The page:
Because in Jesus’ way, greatness is measured not in commanding a Kingdom, but in humble service to the least and the last. Even to an insignificant little child. By becoming Himself Least and Last, in order to raise up the least and last to greatness. That is what Jesus does for us poor sinners in His death on the cross. He takes our place under death and condemnation, to raise us up to life and salvation.
And as He does this, He follows the bidding of the beautiful Psalm (37:4-7) we sang in our Introit: He commits His way to the LORD and trusts in Him. He waits on His Father to act (v. 5), which the Father does decisively on the Third Day when He raises Jesus from the dead, just as He said.
Whereas our way results in jealousy, selfish ambition, and quarreling, Jesus’ way results in trust toward God and mutual trust in one another, the building up and advancement of others, forgiveness and peace that flow to us from God and out toward others. Whereas our way results in murder and violence, hatred, and bitterness, Jesus’ way results in holding all life sacred and binding up wounds, love that gives itself sacrificially for the other, and the sweetness of life lived always under the grace and mercy of God who loved us and gave Himself for us.
James tells us to die to ourselves and our own way. That is what he means when he tells us to submit to God and resist the devil, to cleanse our hands and purify our hearts. He is bidding us examine ourselves and repent. And then to draw near to God in humility, and in full faith that He draws near to us, to forgive us, and enliven us with His own life. That is what He does in Christ. James is bidding us leave our own way behind, and go the way of Christ. Which is the way of the cross.
It does mean suffering. That is why we don’t like it. That is why the disciples were afraid to ask. For one thing, it hurts to admit we are not the greatest, and instead to willingly take the place of the least and the last. It’s not easy to humble yourself all the way to serving an insignificant little child, which is, incidentally, why our society has so much trouble doing that very thing, why our birth rates are so low and we unapologetically slaughter precious little babies by the millions. It’s not easy to humble yourself all way to serving the poor, the suffering and ill, the marginalized, the exploited, the outcast, and the sinner. But that is what Jesus does for us, and He promises that whenever we do that, whenever we receive one such child in His Name, we receive Jesus Himself, and with Jesus, the Father who sent Him.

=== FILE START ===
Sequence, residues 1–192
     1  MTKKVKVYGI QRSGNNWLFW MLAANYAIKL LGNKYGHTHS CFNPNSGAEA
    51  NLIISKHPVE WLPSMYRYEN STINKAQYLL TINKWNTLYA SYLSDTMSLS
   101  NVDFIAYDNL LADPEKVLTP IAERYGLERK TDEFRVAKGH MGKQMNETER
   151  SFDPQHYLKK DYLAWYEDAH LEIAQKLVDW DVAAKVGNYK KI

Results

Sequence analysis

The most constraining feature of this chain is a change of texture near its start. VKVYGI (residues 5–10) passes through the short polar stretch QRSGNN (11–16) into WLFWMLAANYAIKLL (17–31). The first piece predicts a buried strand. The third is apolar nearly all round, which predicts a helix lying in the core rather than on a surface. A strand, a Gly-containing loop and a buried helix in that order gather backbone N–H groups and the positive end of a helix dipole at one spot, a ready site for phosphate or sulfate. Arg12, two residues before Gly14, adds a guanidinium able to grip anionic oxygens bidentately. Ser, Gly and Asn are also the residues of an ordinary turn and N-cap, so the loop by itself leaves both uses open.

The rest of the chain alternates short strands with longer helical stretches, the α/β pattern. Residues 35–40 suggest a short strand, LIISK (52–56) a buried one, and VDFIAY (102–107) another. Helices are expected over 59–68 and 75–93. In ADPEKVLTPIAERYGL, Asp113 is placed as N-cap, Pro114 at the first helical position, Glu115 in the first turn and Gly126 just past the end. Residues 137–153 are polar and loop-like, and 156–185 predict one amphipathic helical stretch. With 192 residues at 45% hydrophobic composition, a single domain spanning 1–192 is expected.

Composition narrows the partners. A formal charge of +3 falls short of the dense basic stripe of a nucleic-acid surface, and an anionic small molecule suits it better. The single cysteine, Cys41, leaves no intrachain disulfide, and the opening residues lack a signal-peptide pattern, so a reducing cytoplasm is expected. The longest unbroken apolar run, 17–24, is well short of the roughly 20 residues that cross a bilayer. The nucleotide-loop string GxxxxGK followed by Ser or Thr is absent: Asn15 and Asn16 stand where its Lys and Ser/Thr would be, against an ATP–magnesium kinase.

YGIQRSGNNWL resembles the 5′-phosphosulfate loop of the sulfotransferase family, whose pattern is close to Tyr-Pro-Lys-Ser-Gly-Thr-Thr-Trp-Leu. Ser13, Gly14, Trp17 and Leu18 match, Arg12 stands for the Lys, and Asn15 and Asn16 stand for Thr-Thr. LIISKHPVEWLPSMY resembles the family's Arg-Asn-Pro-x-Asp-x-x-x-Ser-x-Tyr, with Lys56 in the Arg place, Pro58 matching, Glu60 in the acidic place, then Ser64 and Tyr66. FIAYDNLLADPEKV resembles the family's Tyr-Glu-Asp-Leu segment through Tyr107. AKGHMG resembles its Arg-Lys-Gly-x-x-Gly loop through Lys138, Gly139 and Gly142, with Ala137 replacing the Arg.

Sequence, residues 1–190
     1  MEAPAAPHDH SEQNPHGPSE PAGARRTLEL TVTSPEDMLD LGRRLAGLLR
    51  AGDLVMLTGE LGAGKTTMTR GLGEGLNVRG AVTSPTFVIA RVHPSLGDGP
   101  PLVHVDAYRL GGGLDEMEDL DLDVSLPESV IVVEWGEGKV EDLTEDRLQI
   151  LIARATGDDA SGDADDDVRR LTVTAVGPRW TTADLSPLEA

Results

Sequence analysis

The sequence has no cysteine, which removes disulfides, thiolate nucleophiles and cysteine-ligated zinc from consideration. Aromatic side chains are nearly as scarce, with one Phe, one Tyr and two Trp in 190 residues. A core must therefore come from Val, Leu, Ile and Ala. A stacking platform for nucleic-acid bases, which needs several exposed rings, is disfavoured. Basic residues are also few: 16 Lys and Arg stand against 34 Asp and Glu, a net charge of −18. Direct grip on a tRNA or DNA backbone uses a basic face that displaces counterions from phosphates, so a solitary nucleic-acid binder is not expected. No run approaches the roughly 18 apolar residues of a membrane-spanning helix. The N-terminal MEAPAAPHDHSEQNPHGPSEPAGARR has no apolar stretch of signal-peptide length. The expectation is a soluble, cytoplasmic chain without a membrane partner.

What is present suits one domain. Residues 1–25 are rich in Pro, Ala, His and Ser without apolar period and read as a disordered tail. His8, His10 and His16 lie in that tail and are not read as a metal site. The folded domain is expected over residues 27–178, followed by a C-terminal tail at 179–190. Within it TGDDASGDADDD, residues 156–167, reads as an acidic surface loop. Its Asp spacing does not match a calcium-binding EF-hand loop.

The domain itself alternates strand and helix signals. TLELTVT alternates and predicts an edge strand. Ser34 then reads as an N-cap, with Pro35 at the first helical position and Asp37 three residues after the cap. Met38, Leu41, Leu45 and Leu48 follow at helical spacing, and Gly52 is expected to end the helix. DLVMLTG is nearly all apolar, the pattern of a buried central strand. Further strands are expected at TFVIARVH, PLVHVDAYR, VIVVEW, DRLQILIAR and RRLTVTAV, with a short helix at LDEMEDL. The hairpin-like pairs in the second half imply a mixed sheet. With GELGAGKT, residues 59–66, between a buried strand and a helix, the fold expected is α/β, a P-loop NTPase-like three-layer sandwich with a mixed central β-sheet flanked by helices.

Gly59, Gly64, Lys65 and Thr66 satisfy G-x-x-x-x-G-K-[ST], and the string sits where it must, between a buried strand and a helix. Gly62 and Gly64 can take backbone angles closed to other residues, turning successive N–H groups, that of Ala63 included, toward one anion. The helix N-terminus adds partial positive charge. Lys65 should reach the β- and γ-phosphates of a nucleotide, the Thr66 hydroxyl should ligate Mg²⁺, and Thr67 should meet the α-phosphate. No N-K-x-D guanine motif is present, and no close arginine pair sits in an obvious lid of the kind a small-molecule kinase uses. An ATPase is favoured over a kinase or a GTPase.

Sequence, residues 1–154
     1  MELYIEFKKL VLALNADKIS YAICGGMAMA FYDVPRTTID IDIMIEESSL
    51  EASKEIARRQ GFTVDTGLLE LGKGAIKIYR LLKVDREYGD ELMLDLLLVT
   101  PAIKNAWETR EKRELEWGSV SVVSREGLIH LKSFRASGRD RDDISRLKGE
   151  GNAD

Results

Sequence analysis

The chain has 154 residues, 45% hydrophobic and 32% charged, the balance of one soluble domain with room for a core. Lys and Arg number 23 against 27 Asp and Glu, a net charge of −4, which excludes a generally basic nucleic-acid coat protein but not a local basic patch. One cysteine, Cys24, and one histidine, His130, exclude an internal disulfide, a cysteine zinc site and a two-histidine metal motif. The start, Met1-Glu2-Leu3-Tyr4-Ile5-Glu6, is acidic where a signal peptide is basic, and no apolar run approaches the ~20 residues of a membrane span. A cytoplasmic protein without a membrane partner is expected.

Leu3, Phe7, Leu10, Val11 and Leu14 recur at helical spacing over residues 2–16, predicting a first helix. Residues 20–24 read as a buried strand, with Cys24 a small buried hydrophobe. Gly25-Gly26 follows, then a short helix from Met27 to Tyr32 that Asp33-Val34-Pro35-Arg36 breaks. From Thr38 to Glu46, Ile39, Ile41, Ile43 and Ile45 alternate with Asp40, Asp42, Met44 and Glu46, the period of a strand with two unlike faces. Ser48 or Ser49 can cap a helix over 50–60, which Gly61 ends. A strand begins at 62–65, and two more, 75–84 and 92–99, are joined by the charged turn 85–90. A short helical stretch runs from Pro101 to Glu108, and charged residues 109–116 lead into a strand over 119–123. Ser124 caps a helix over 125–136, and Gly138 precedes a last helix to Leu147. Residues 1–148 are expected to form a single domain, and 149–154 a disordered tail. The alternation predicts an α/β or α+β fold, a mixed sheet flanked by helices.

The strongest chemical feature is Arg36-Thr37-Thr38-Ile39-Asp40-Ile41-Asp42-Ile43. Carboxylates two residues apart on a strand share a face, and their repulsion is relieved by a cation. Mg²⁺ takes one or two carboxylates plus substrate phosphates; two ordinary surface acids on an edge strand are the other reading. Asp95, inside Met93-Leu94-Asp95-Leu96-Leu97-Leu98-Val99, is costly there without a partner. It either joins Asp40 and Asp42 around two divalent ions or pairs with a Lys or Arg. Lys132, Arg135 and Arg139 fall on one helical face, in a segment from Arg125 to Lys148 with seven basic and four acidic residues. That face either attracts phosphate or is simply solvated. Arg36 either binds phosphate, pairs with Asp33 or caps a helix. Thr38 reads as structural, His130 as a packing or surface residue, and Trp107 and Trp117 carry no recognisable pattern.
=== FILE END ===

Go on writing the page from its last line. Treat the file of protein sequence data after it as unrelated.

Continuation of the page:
But it also hurts to consider others more significant than yourself, as St. Paul bids us do in his letter to the Philippians (Phil. 2:3). To put the needs of others ahead of our own. To build others up, even at our own expense. To advance them, even when that means sacrificing ourselves. But that is love. And that is precisely what Jesus has done for us. That is His way.
It hurts to repent. It hurts to deny our sinful passions, to turn against them, and act in opposition to them. And above all it hurts to confess the saving faith of our Lord Jesus Christ, His cross, His suffering and death for our sins, His resurrection, only to be rejected, mocked… to lose friends, to lose loved ones… with the very real possibility of persecution, the loss of a job, the loss of home and possessions, arrest, torture, and even your life, as so many of our brothers and sisters have suffered throughout history, and still suffer today throughout the world. We’ve had it pretty good, Americans. Thank God for that. But we are not promised that such will always be the case. Quite to the contrary. We don’t want that. But that is Jesus’ way. Suffering at the hands of our way.
Yet we know the result of Jesus’ way: “after three days he will rise” (Mark 9:31). And so He did. Having atoned for the sins of the world. Having paid the price of our redemption. Having freed us from our bondage to sin, death, and the devil. That all who believe in Him should not perish, but have eternal life. He is risen and lives. He ascended. He reigns. And what does He still do, Almighty God, the King of Creation? He stoops down here, now, today to speak His death and His life into your ears, and hand feed it to you in His Body and Blood. He still does it His way. And you can’t understand it. But you need not understand it, and you need not be afraid to ask. Simply believe it. Because He who arose on the Third Day will raise you on the Last Day. You can count on it. So as you go Jesus’ way, and suffer for it, as He suffered, do what He did, and what we sang: “Commit your way to the LORD; trust in him, and he will act. He will bring forth your righteousness as the light, and your justice as the noonday. Be still before the LORD and wait patiently for him” (Ps. 37:5-7). Fret not. Your deliverance is only a matter of time. In the Name of the Father, and of the Son X, and of the Holy Spirit. Amen.